Dr. GoodNessMe
 

The Sweet Science of Nourishment

Zurich ohne Zucker 

Zurich ohne Zucker 

I could inundate you with countless scientific studies to convince you to give up sugar but there are a million posts already dedicated to that and I’m not in a preachy mood. This post is simply a guide for those who live in Zurich or plan to visit and are already doing their best to follow a diet of minimally processed foods close to nature.

Personally, I started fully cutting out processed food around 2012. Before that I was a typical member of the foodie elite. It was fun but my habits were damaging my health. I’m an all-or-nothing kind of girl so of course I didn't take the sensible and socially acceptable approach and just cut down on refined sugar, nope, I just said goodbye forever! I won’t lie, it wasn't easy, especially since I live in a country that prides itself on having the highest consumption of chocolate per capita. Plus Zurich itself is always running far behind when it comes to wellness trends. So just imagine, when I started my whole health kick, there were no chia seeds in the supermarket, no one had heard of bone broth or green smoothies and not a single person I knew was interested in so-called clean eating. Things have slowly changed for the better. Supermarkets have finally started stocking foods like sweet potato and kale but bone broth is still well off the radar here. Baby steps.

After about a year of experimenting with different elimination diets I found what works best for me and its very simple. Basically my mantra is: eat real food. Not far off from what Michael Pollan suggested in his book Food Rules: "Eat food, not too much, mostly plants". "Eat food" meaning to eat real food direct from nature (vegetables, fruits, whole grains, fish and meat) and to avoid the so called "edible food-like substances".  Sounds like common sense right? But somehow people find the way I eat extremely radical or just plain boring. As Homer Simpson wisely said "you don’t win friends with salad"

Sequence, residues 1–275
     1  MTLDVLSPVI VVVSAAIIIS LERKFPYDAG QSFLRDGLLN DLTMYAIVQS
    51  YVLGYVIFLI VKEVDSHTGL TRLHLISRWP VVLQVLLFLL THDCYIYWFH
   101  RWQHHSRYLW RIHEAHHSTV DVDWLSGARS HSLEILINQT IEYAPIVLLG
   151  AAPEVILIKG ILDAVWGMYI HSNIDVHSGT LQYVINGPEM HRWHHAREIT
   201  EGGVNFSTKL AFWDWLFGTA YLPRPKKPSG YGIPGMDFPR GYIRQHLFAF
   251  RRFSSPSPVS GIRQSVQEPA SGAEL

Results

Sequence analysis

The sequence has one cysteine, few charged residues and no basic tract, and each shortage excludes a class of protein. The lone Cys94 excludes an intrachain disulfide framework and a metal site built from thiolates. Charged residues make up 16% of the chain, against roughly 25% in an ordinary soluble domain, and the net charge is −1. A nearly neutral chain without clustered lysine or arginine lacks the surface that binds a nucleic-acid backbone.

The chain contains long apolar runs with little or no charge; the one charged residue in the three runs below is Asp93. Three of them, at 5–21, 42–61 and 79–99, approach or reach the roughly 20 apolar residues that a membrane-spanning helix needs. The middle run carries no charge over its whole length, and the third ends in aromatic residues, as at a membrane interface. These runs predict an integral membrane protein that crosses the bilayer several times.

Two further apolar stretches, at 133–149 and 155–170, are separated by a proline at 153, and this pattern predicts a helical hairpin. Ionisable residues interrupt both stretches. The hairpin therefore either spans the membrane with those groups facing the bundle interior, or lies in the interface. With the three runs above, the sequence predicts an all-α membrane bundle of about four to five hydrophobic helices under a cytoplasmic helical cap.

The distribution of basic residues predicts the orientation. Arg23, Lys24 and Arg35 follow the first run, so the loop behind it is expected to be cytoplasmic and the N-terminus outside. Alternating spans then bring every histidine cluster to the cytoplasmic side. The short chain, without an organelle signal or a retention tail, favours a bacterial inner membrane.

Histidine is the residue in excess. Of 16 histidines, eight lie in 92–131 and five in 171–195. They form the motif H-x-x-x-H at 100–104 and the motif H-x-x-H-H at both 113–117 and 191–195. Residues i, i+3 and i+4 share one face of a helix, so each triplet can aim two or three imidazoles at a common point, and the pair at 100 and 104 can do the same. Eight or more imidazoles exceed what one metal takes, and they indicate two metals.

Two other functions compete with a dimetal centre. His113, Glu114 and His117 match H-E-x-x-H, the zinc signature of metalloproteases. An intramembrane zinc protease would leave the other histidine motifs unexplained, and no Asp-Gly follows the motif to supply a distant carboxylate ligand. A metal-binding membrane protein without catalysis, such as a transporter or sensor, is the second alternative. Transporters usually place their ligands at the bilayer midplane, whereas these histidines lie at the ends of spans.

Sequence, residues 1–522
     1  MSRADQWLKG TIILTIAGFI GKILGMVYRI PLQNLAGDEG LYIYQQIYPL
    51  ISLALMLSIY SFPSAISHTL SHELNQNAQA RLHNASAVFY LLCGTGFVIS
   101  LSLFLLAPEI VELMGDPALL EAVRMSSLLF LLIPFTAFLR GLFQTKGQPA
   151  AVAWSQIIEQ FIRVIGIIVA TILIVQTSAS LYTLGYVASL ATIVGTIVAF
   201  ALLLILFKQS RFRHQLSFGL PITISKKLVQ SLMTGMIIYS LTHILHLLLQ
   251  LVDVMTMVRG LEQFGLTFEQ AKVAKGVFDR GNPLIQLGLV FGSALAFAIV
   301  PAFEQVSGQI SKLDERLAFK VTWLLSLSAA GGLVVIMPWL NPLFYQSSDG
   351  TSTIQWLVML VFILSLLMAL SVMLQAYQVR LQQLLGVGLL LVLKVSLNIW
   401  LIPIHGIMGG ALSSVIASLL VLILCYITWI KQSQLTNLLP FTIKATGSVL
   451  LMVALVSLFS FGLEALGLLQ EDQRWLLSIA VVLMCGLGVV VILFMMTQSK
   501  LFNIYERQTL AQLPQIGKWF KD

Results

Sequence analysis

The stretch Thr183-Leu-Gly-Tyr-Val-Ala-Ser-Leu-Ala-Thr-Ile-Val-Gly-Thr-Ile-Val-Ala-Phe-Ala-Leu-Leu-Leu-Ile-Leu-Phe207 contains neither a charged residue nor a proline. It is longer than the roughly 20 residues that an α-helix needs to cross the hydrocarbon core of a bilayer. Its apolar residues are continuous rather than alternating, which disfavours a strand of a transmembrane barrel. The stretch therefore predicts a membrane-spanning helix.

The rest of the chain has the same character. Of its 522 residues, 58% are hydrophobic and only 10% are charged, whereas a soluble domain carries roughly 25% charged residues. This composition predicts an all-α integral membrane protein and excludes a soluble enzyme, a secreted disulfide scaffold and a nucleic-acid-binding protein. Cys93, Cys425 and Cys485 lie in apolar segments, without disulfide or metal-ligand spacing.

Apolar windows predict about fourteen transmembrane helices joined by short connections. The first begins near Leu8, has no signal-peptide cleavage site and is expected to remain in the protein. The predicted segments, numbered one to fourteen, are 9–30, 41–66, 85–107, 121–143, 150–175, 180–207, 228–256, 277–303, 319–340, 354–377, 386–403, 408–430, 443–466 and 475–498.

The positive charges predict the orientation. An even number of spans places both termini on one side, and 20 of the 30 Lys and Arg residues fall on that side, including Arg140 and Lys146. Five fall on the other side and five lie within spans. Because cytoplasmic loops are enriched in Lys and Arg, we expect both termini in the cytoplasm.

Here is a basic guide about where I source my real food in Zurich. I hope it helps you in your wellness endeavours. 

 

Vegetables & fruit

  • For fruit and veg, I try to buy organic where possible and I use the dirty dozen list as a guide to save money. Don't waste your money on organic avocados and bananas people!
  • For most vegetables Coop and Migros are generally fine and they stock a very good selection of organic and local produce these days.
  • Some Migros (eg Stadelhofen) are now selling fresh coconuts. Yippee! 
  • I frequently order vegetables online from Farmy and I’ve been really happy with the range and quality.
  • When I have the luxury of time I try to get to the markets. There are two organic veggie stands at Burkliplatz market (Tuesday and Friday mornings) which are both great. The larger stand is very popular so you have to be patient but when I go with my toddler they kindly give him a free carrot which ameliorates the wait time.

 

Meat and eggs

  • I’m still on a journey to understanding how to source the best meat in ZH and will write a separate post about my findings soon.